Text: Prof. Dr. Heinrich Kramer, FPLDA
Photos: Luc Laurent Bernard

05. Aug 2010

A new era in museum design
The renaissance of daylight

Well known art collections and museums attract tourists and increase a city’s revenue. A number of prime examples spring to mind: the Louvre in Paris, the Rijksmuseum in Amsterdam, the British Museum in London, the Prado in Madrid, the Guggenheim in New York, the Uffizi in Florence, the National Museum in Cairo, to name but a few. For that reason, many towns and cities have invested in expanding their museums, or even building new ones.

The discovery that light can do irreparable damage to works of art has led to the development of a set of guidelines and regulations for the application of light in galleries and museums of art. Those laid down by the International Council of Museums, ICOM form the basis for all art insurers and art gallery owners or consignors. The ICOM regulations have had a substantial impact on the design of new museum buildings as well as on the refurbishment of existing art sanctuaries. This has meant some serious re-thinking has had to be done especially in the fields of lighting design and technology, and building services. It has become pretty obvious that such stringent regulations obviously require higher investments in technical equipment and may not add to the attractive quality of the museum from the visitor’s stand-point. This has led to a new attitude towards daylight and electric light. Up to the middle of the last century museums were essentially illuminated by daylight. This was achieved via skylights, glazed ceilings that allowed light to penetrate but influenced the design of the exhibition spaces to a large extent, or via windows in the vertical facades. Air-conditioning or other climate control was not usual. The spaces were large and the walls thick for enhanced storage capacity. There was no adequate electric lighting technology available. The International Council of Museums, which was founded in 1946, began to issue detailed lists of re-commendations for the protection of works of art. Those that essentially still apply with regard to the lighting and climate control are:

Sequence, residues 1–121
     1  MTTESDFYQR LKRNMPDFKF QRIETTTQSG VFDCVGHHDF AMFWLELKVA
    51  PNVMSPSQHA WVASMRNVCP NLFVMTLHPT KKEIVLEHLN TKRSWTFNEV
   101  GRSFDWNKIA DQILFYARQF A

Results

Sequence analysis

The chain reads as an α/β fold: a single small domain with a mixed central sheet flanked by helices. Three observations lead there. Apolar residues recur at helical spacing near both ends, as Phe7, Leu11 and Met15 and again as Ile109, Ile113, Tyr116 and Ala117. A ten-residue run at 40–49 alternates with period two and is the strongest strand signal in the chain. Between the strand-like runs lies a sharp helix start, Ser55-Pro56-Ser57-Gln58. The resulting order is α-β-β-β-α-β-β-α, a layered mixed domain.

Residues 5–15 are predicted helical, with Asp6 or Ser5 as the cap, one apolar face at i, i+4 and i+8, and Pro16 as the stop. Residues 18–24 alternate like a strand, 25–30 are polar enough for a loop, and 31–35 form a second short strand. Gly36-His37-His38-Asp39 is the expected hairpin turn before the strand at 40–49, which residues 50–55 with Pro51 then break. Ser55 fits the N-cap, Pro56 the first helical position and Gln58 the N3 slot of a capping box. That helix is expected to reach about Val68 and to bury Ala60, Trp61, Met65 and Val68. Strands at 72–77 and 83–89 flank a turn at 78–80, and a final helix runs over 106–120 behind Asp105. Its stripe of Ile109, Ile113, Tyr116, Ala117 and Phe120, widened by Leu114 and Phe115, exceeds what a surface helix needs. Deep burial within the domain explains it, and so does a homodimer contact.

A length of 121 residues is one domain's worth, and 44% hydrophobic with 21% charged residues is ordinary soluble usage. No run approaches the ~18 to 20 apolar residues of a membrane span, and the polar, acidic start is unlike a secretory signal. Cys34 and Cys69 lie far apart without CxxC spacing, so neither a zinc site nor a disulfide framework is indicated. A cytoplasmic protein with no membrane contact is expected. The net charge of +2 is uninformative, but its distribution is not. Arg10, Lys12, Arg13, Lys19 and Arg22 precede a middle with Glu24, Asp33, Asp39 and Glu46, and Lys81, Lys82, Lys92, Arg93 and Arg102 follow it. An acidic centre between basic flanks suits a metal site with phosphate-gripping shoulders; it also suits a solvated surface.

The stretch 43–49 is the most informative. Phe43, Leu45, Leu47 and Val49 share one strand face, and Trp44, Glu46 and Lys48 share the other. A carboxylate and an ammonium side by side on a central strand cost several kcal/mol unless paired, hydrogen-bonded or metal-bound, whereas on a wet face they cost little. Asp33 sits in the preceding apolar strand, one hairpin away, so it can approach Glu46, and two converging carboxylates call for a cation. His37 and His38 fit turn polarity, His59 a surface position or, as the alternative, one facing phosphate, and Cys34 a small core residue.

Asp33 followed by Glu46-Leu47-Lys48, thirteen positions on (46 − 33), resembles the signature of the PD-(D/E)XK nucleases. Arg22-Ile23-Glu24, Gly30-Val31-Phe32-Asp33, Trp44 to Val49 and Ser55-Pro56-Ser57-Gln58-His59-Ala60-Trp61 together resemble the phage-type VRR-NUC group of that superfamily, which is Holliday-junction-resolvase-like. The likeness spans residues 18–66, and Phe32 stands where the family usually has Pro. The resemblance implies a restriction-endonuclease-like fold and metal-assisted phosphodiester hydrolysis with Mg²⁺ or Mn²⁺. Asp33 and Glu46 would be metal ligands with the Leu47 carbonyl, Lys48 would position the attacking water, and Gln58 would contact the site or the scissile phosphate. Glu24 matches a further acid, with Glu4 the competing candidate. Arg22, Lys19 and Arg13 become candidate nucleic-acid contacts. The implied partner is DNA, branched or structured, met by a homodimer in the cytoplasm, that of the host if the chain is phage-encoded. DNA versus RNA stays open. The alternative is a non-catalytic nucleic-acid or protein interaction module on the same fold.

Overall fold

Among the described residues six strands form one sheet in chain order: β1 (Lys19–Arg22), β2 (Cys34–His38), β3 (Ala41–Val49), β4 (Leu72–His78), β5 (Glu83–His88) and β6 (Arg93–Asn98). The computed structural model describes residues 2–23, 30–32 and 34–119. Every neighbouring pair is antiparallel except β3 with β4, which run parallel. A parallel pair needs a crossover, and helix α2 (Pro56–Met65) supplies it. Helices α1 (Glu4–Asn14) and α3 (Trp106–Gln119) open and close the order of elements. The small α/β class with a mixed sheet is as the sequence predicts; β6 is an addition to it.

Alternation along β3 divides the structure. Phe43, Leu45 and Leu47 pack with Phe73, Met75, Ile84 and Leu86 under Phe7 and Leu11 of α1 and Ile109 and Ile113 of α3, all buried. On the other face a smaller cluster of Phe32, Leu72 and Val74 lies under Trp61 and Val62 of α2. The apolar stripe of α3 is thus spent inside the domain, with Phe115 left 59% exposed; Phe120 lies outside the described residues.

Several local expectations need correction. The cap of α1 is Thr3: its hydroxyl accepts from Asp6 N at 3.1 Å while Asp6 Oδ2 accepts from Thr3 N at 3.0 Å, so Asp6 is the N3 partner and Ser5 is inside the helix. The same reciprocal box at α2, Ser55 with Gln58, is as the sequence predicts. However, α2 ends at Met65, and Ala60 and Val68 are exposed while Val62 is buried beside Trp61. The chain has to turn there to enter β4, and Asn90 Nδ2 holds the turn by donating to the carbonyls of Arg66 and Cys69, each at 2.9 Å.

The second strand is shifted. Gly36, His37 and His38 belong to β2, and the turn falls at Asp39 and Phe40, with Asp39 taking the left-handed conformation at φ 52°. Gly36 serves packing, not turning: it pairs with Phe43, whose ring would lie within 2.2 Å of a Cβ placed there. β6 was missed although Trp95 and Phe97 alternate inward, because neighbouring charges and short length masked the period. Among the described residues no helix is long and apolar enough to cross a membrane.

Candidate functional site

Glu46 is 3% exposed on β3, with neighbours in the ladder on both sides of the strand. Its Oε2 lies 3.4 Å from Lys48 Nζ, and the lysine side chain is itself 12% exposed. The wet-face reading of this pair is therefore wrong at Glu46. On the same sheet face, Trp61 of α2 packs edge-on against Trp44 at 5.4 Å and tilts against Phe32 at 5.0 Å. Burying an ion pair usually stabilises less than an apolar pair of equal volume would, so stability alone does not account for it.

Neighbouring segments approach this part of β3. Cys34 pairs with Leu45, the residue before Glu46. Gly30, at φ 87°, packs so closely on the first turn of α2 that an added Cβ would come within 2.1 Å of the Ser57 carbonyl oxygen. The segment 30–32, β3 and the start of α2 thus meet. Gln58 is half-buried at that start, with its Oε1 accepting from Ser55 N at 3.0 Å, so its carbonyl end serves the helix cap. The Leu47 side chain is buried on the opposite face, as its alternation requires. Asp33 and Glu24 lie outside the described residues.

The works of art are classified into three categories according to their light sensitivity properties:

1. Materials which are not sensitive to light (such as metal, stone, glass and so on) – no illuminance restrictions
2. Oil paintings and tempora paintings: 100 to 150 lux
3. Water paintings, paper, photos and organic materials such as leather, textiles, etc.: 50 lux.

The full version of the article can be found in PLD No. 72

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